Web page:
I asked a professional photoshopper how he would improve me
Apparently it’s all about subtlety, reading the client and not over-doing it
by Helena Baron
In the past few years more and more awareness has been raised regarding the extent to which pictures in magazines, advertising and everywhere else in the media are being photoshopped and retouched. While a lot of this awareness highlights the issues with over-retouched pictures, the fact remains that the majority of companies and even normal people are using retouching technology to enhance their pictures. We can all admit that whether on Instagram or Snapchat, the pressure to filter, edit and retouch a picture to a certain ideal of perfection is now more than ever a fact of everyday life.
So to understand the mystery and magic around retouching a photograph, I spoke to a few professionals on how they do it, and how they’d improve me.
To first gain a better understanding of the process behind a professional retouched photograph, I talked to Jason Tasker, a professional printer at Metro Imaging:
What’s the most common technique you use?
Technique-wise it’s usually the photographic printer. [The aim is] generally to make pictures to look as the client requested, or to look ‘nice’ – then it’s mostly just the colour and tone adjustment layers. Occasionally we use the masking to be more selective – levels, curves and some of the colour correction tools.
You said “to look nice” – how do you go about making someone look ‘nice’ or ‘beautiful’? Is there a standard to which you aim to conform?
You do what you feel is right. The feeling comes with experience – it used to be under guidance of the boss but now you pretty much go your own way, checking whether or not the client agrees with you and changing it if they want. We now have an online service which makes it more of a client’s domain. For premium printing service they can come in and consult with us and do printing tests. In general it is best to proceed with caution.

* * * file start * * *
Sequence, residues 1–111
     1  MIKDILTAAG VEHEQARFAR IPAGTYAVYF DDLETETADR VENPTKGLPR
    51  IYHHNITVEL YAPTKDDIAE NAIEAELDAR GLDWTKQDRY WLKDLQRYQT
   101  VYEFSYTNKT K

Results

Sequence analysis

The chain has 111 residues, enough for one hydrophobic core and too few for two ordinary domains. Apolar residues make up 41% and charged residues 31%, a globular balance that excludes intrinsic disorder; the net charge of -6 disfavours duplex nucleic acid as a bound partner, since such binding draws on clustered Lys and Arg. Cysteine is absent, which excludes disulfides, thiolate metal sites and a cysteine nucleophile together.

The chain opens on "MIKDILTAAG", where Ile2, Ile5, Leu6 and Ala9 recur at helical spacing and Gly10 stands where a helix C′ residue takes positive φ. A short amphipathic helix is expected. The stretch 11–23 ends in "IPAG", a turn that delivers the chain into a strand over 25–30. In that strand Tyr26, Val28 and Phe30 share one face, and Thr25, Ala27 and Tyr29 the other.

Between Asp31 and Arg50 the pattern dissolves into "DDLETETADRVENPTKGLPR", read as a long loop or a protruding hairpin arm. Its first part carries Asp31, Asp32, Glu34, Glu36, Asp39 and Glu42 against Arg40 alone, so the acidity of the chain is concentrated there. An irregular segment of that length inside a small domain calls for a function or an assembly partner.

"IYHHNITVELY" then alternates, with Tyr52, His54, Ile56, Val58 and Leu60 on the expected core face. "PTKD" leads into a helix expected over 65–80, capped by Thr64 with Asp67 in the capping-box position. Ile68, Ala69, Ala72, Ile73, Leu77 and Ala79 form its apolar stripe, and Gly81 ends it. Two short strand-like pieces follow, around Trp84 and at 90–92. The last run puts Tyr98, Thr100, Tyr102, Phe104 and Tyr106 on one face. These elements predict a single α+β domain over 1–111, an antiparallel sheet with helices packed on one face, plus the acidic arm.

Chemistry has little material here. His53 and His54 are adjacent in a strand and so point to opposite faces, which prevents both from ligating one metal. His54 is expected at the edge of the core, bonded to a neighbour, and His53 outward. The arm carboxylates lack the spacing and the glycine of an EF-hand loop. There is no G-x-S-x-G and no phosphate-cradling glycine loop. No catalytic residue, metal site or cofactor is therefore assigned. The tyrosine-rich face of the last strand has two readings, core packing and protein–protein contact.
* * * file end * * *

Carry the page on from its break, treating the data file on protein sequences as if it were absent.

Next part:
Do clients ever get offended?
It varies a great deal. Yes, you can get taken by surprise by someone’s reaction, but you learn to read them. I have some clients that I know whatever I do they will have a different idea, so I leave them to it. But some are in such a dither that I have to try and tell them very gently how to proceed.
What kind of work do you mostly get – is it celebrities/magazines or just ordinary people?
Editorial went with the right of digital in around 2004 (where it goes straight from the photographer direct to the editor), so eased our way into the art market. Now we mostly do art editions, pieces that will be sold to collectors, that are on view on galleries and art collections.
Is it more common to retouch your own pictures nowadays?
Some people are quite adept at Photoshop nowadays. Quite a few think they are then then you see their profile and have to tell them gently where they went wrong. A lot of people get to a pretty good standard and we’re just the final check. It can make my job easier, but also not as satisfying if all I have to do is push it through the process – it presents less of a challenge.
I also enlisted the help of Daniel Meadows (Retouching Academy), who talked me through the process of retouching some shots I sent through to him of me (scary).
Daniel said: “In the shots I have here, I’ve removed a little of the dark eye circling and balanced the skin tones, the light wasn’t ideal and there was originally a magenta hue to the skin tones. This is the limit at which a considered, professional retouch should end with a portrait shot of this kind.
“I worked on the staff shots for a major UK magazine a couple of years back and this is the full extent of what was required and delivered. Consider it a sneaky nudge towards one of those photographs where the light just caught the subject perfectly.”
He added: “The most common fundamental skill we develop is ‘dodging and burning’, an old darkroom technique that allowed some areas of a photograph to be lightened and others darkened. This is done digitally now and with more control, and used to balance out any inconsistencies in luminosity, such as the dark eye circles. That area has been ‘dodged’.”
Daniel explained: “The problem we have in the industry at the moment is that the entry level in terms of equipment is low, and the amateur without guidance is over-enthusiastic.
“It’s like watching someone brick-laying after seeing a YouTube tutorial; they love slapping the concrete around, it’s their favourite part, but ultimately their wall is awful and falls over because they have no sense of restraint.